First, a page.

Hands-on at E3 / A Boy and His Blob

A Boy and His Blob is hands down one of the best looking games I saw at E3, not just in its incredible animation style, but the entire product that WayFoward is delivering. They’ve gone all out to bring the game up to date, but kept the classic style of gameplay. More importantly though the boy and his blob are amazingly living and thriving. In the brief demo I saw I became more attached to the two characters than any others I saw at the show and most characters I’ve played as in any game.

In case you’re wondering what the hell I’m talking about and how a game can have such a strange name as A Boy and His Blob, we’ll do a little background here. The original game is a classic NES side-scroller that follows the adventures of a boy who finds a blob and must then save the blob’s planet together. The blob takes different shapes depending on the jelly bean flavor he is fed. Toss out a blue jelly bean and you’ve got yourself a ladder, making for some incredibly unique platforming/puzzle action. Sadly the game died out after its first iteration.

Enter WayForward, the guys who revived Contra on the DS  with Contra 4 (yes, I yelled at them for how hard that game was). They’ve taken the game and brought it back and I’m very excited.

The level we saw was pretty early in the game, but perfectly demonstrated the gameplay. Some changes have been made since the original, including new jelly beans and powers (like an anvil for smashing blocks and a bouncing ball to ride on), a smaller difficulty curve and a whole crap ton of levels. In fact the game not only features a plethora of standard levels, but will also include over 40 bonus challenge levels once you complete the game. During my talk with the Sean Velasco, the game’s director, the subject of letting anyone into the game came up often, but not to worry as the extra challenge levels are going to get ridiculously, well, challenging.

But it wasn’t the puzzle solving levels that really caught my eye. It’s the character that WayForward has infused in every inch of the boy and his blob. The animation style allows for such emotive (word?) characters that two completely silent characters (except for the boy’s shouts to the blob) become instantly alive with the sort of polished character that most games would kill for. Think the emotiveness you saw in Windwaker, but more adorable. There are even commands to hug and scold the blob which result in the cutest thing you’ve ever seen in videogame history. Hopefully I don’t turn anyone off by saying cute because this is going to be one of the best games of the year beyond a doubt.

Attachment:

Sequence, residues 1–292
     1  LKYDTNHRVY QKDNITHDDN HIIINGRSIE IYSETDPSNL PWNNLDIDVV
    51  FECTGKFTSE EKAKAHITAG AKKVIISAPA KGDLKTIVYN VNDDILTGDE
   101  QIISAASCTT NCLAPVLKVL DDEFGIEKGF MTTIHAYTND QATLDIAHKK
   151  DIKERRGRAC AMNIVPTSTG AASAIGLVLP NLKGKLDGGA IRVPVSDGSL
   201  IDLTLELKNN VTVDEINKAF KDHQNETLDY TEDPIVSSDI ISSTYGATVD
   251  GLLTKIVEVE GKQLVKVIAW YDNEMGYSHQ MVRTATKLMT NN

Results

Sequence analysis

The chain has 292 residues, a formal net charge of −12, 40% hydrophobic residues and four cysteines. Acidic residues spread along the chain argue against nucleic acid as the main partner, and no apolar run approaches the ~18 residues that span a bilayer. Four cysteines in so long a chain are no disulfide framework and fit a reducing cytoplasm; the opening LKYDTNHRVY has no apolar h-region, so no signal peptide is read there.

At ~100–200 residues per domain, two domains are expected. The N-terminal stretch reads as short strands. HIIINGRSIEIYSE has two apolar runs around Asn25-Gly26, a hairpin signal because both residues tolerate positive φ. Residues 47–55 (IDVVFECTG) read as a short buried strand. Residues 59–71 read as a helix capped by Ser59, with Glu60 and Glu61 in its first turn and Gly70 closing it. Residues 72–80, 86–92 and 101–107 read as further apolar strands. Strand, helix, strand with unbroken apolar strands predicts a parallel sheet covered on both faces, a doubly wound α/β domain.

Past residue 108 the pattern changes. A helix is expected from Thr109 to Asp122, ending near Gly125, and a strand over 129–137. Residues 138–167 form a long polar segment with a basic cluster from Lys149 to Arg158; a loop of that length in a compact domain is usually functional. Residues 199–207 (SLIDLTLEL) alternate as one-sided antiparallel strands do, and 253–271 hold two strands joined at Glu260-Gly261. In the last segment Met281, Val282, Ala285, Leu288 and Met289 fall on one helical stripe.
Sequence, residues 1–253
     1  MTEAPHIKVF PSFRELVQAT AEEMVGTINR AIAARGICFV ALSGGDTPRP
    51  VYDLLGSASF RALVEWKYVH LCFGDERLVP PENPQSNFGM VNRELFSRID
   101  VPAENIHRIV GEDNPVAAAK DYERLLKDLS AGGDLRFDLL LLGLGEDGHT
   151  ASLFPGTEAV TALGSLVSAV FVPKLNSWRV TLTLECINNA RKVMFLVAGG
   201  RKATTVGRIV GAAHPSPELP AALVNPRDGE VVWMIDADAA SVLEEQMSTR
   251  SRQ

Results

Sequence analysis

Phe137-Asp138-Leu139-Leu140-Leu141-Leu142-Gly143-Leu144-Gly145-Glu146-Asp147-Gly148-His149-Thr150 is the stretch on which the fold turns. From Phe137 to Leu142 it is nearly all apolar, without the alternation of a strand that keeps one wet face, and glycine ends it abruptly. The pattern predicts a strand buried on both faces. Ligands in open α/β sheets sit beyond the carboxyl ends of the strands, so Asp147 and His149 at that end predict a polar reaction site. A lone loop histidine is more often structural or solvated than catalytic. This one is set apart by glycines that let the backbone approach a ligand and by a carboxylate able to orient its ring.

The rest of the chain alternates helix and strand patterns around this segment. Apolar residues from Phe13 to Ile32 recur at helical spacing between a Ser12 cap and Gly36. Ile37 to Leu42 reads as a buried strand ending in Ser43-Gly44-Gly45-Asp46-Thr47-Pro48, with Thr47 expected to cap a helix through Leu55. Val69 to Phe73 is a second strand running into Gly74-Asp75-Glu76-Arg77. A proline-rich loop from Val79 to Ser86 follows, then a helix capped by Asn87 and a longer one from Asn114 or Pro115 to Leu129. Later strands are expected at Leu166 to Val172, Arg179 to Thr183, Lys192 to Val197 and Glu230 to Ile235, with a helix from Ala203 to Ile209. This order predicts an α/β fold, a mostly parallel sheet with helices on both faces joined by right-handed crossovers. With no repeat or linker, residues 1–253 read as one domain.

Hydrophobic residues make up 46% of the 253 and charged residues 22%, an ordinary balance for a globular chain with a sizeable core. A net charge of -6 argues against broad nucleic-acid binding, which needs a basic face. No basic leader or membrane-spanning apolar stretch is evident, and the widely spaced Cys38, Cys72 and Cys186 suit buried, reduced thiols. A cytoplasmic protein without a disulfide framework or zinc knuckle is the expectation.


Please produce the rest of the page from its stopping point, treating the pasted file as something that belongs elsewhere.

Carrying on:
The level we saw demonstrated how the boy can place his jellybeans far easier and demoed how, much like in the original, you dodge enemies by creating a hole in the ground. For instance turn the blob into a hole and a charging beast will fall in it, then turn the blob into a ladder and you can climb up the wall that was impeding your way. Unlike in the original game, the boy will have infinite jellybeans, meaning the focus will be far more based around simply solving the puzzles of the level and not keeping track of how many jellybeans you have. While that will obviously decrease the difficulty of the game, I welcome it as the original’s jellybean limitations were more aggravating than challenging, and since these are the guys who brought us Contra 4 you know that the challenge levels and the secret treasures in each level are going to be a pain in the ass to get. Plus you just can’t stay upset at that damn adorable blob… even his transformations are adorable.

I hesitate to toss out game of the show to a game I didn’t even play, but now that we’re a few days out, A Boy and His Blob is one of the games that I still desperately want to play over almost every other. Now I’m aware not everyone has a 2D puzzle/platform itch like I do, but if you do this game is going to scratch you good. As a side note, I was not the only journalist to be dumbfounded by how adorable the game is. The devs informed me that at the time of my meeting they were on an 18/18 streak of making journalists say “Awwwwww.”

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